I would like to see similar training opportunities when some new library-relevant technologies emerge, but I think we should try to come up with some steps or protocols for determining which things should be explored and taught, and which things are likely to be analogous to 8-track tape technologies. Libraries that had vinyl disc collections, that had (and have) cassette collections, and that have CD collections turned out to have guessed/bet right for the most part. Any libraries that had 8-track tape collections, I think probably had them go obsolete sooner than it was worth to have them. It's easy to say, but we should avoid adopting 8-track tape technologies.
In closing this ever-so-long post, I'd like to thank my parents, without whom I wouldn't even be here. And if I could go back in time and tell me stuff, I'd freak out. Er, no, that wasn't the question.
If I could go back in time and tell me to either participate in this program or skip it, I'd still tell me to participate. I'd also tell me to be careful of typos in naming my blog's URL so that I wouldn't lose all my readers when I fixed the typo of the URL and then no one could find where I had "gone."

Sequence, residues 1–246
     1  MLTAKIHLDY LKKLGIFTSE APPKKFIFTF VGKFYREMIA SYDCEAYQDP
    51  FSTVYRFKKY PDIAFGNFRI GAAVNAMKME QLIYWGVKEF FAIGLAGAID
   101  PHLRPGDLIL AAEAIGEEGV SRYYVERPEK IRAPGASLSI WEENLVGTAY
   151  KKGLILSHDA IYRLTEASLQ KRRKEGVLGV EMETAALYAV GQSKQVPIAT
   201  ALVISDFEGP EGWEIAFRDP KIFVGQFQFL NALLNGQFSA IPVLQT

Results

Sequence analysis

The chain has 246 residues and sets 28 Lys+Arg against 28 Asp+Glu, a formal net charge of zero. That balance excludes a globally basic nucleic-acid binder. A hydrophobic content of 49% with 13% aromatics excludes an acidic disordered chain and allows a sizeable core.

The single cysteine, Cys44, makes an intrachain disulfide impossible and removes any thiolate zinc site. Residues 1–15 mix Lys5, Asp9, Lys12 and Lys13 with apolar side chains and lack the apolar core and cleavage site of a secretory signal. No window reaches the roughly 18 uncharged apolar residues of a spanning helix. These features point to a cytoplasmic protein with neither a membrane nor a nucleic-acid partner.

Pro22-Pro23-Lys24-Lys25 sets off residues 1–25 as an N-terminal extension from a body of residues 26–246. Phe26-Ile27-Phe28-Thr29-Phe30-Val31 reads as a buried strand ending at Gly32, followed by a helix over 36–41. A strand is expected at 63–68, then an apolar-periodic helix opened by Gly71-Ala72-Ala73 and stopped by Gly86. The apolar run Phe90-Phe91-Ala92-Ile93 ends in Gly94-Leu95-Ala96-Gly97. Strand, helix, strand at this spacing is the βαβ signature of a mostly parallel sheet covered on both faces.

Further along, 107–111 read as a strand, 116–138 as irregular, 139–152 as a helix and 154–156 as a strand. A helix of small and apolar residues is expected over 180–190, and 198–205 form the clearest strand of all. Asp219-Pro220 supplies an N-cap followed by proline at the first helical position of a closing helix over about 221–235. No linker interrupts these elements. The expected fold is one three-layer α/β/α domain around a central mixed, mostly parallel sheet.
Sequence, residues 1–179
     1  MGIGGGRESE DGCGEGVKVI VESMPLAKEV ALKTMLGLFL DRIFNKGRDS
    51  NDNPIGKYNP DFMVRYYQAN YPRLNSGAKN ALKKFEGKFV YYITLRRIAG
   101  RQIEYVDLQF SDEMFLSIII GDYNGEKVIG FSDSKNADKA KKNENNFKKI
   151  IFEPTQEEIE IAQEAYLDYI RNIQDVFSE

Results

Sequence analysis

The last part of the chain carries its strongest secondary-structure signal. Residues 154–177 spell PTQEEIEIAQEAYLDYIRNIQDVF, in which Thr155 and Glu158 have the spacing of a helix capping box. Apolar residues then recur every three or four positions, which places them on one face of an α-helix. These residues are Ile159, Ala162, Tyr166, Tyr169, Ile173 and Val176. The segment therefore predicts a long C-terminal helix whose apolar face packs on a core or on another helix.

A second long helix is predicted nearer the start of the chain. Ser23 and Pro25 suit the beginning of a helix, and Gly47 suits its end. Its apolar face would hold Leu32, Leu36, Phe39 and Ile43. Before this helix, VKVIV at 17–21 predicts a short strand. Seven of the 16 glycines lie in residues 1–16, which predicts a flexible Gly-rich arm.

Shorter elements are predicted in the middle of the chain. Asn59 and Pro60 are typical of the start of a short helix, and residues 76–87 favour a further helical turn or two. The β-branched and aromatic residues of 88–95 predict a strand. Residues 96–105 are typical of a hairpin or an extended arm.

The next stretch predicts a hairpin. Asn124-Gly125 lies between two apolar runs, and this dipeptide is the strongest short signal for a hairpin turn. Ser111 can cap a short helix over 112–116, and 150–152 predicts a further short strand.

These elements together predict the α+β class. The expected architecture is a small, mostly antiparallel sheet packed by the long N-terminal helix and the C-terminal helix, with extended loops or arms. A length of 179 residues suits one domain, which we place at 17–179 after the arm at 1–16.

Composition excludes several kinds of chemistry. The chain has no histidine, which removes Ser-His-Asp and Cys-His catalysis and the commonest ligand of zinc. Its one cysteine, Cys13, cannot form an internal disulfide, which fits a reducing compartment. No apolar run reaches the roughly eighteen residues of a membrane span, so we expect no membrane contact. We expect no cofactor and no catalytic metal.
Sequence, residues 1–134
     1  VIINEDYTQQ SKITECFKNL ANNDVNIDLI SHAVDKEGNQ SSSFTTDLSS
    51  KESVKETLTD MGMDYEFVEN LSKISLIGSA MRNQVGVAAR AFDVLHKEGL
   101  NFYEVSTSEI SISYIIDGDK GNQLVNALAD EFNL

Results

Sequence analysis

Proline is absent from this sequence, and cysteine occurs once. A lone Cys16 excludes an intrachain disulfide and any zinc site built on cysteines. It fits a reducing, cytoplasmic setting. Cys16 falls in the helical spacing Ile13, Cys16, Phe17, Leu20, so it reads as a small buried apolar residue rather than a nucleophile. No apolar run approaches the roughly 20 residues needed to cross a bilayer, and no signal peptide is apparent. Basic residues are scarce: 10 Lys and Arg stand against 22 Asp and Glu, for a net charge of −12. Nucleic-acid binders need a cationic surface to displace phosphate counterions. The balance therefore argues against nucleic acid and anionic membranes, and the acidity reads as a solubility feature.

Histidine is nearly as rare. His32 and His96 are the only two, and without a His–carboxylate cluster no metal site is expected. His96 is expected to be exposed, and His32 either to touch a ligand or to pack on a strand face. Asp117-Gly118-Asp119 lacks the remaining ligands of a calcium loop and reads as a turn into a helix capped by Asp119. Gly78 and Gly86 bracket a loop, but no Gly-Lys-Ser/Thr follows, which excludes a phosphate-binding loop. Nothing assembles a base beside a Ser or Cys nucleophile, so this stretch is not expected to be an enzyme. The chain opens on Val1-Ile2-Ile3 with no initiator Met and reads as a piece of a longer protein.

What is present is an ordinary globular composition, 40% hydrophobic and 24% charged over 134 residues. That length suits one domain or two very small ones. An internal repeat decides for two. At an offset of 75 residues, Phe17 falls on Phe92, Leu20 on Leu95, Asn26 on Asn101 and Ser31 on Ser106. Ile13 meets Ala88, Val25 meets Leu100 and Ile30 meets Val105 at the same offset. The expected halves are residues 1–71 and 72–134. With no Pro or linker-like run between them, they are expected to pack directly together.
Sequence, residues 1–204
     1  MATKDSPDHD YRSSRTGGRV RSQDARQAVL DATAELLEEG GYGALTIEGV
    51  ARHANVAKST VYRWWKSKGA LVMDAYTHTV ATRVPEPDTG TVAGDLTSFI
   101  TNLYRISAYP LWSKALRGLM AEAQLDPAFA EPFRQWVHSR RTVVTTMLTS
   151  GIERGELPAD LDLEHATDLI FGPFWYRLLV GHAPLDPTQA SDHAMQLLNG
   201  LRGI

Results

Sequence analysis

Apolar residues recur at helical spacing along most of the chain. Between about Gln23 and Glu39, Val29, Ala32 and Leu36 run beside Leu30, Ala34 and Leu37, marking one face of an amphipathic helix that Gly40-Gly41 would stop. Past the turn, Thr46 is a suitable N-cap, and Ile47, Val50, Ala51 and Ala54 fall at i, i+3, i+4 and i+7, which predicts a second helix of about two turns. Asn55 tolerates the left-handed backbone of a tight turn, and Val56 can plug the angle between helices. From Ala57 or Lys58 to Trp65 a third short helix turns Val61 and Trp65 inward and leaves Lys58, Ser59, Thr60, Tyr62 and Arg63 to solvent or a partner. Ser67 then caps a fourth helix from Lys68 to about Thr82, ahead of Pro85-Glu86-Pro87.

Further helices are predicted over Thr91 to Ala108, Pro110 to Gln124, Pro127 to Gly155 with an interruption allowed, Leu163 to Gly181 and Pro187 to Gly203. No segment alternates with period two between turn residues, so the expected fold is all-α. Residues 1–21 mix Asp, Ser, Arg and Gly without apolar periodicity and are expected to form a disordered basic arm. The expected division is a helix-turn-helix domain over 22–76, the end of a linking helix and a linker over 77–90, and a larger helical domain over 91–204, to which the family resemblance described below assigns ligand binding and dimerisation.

#27. One more Thing.
At first I couldn't think of "one more thing." I re-read the wiki article on Web 2.0. Still nothing else. Then I gazed at the comments on the KCLSU #27 blog entry, and someone mentioned Second Life. An excellent example of how this collaborative can work: other people working together can help give ideas that we recognize as great but we might not have thought of on our own. (I'm thinking of a Venn Diagram here with overlapping and discrete areas of coverage.) So, anyway, my one more thing would be training and collaborative activities in SecondLife (which I had briefly looked at earlier in the program but didn't proceed on my own yet, because of so many other choices to look, learn, and play with.
I went to YouTube, but all I got was this silly joke video.
(As it used to say at the end of X-Files tv show, "I made that!")
#24. Lacking a microphone on my system, I haven't started podcasting, but I've subscribed to a podcast on my bloglines and I've turned my Audible dot com subscription to The New York Times Audio Digest into receive by Podcast using Juice. Since I listen on my Palm Tungsten, I'm having problems actually getting it to be an automated process, but it works well enough if I listen through Real Player or Media Player on my desk top.
I suppose a once a month podcast doing a book talk or high lighting some special KCLS event might be a good use of podcasting for KCLS, but one needs to consider content and time constraints before jumping into the crowed pool of more experienced and entertaining podcasters. It's better not to use some communication outlets (for a while) than to use them with embarrassing content (Parker the Well-Dressed Panther, notwithstanding).